Natural gas pipelines could alleviate New England’s energy woes

   As temperatures in New England dropped to historic lows last winter, many residents found their energy costs going up. It is a scenario that could happen in years to come without increased infrastructure to bring more natural gas to consumers in this area.

   We have an abundance of natural gas and it offers consumers a clean and affordable source of energy. And while we don’t lack of supply, we do need more pipelines.

   This week, I highlighted the prospects and challenges to natural gas demand at the summer meeting held by the Independent Oil and Gas Association (IOGA) of New York. In my presentation, I talked about the key economic and environmental benefits natural gas can provide the Northeast and more importantly, how a renewed pipeline system can bring natural gas to the places that need it most.

   This region is home to some of America’s largest and most affordable natural gas resources. Yet, the few hundred miles from the Northern border of Pennsylvania through New England is increasingly constrained by an outdated pipeline system that impedes access and delivery, which leads to price spikes when demand peaks. And demand just continues to grow.

   Natural gas now makes up more than 50 percent of New England’s energy mix, from less than 15 percent in 2000. According to industry studies, pipeline capacity would have to increase by about 50 percent to meet current needs.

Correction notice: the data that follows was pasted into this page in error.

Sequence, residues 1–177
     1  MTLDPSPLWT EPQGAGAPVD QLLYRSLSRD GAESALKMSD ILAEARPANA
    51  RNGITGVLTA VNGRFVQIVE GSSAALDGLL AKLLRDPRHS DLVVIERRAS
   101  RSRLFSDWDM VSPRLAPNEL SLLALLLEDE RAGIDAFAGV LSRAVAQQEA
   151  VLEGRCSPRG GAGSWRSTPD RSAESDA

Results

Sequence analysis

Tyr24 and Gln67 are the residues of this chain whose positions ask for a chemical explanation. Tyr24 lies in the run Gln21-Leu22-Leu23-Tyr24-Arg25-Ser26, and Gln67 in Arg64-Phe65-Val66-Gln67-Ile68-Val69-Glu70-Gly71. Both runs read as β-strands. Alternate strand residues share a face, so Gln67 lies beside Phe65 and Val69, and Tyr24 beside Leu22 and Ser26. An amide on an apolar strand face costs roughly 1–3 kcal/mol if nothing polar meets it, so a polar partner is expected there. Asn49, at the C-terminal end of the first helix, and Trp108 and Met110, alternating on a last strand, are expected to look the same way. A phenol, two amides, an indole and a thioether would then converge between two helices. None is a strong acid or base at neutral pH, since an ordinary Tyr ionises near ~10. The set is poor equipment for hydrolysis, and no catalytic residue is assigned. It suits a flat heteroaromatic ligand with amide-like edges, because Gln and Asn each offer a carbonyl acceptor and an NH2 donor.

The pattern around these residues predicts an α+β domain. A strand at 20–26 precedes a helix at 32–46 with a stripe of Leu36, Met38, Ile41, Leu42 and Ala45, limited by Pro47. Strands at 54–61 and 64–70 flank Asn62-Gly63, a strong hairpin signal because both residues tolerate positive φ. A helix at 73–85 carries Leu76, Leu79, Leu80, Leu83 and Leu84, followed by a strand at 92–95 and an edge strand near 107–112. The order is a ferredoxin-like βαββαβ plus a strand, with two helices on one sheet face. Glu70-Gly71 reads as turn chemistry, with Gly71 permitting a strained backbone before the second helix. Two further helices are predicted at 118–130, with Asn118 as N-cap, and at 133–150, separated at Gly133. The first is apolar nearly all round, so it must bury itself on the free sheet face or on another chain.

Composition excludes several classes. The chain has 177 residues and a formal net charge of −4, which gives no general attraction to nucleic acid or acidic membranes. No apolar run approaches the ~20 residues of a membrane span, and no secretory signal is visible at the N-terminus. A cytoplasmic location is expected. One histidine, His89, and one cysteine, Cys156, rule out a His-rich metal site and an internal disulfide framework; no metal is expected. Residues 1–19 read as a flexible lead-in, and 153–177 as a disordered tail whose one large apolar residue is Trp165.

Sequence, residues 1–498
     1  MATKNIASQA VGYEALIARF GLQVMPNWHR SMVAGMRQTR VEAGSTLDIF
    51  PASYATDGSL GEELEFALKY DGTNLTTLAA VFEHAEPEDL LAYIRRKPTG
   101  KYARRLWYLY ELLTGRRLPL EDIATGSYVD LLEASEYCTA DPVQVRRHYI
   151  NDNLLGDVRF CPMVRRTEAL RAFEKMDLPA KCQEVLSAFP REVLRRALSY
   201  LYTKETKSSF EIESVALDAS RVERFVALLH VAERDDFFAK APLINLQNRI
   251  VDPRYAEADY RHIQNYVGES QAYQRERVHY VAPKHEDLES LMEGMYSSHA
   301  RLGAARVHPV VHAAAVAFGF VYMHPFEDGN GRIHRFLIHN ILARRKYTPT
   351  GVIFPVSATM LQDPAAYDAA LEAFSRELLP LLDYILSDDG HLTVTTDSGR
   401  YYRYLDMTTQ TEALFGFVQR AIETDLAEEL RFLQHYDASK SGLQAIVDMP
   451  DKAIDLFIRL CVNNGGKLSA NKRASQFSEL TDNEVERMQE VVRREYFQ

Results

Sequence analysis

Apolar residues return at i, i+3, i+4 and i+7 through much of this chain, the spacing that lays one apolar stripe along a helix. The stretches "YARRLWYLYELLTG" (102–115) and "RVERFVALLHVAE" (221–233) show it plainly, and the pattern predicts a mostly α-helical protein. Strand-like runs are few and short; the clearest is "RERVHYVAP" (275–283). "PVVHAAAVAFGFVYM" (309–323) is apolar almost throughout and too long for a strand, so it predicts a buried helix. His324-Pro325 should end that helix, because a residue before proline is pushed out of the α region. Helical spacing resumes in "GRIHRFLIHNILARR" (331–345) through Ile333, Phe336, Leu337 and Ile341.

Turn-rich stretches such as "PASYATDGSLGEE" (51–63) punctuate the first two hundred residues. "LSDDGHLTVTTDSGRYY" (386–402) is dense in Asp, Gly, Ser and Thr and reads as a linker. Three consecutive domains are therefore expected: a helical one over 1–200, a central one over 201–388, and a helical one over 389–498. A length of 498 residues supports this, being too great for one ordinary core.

There are many reasons for this increase in demand. First of all, Northeasterners are rightly concerned about their impact on the planet. As members of the Regional Greenhouse Gas Initiative, which relies in part on natural gas to reduce CO2 emissions from the power sector, these states are committed to long-term clean energy solutions that include natural gas. They also have correctly decided that natural gas is a cleaner and more affordable way to heat their homes than heating oil.

   Seeing the challenges of building the infrastructure to get this gas where it needs to go, New England state leaders are proposing thoughtful approaches to meet demand by developing policies to make sure pipelines can get financed. We certainly support these efforts.

   By prioritizing a secure, modern pipeline infrastructure to improve access and better serve its residents and businesses region-wide, the Northeast can become more energy secure, promote a cleaner environment and protect against energy price fluctuations for generations to come.


By Paul Hartman, ANGA’s Northern Regional Director of State Affairs.

America's Natural Gas Alliance

July 16, 2014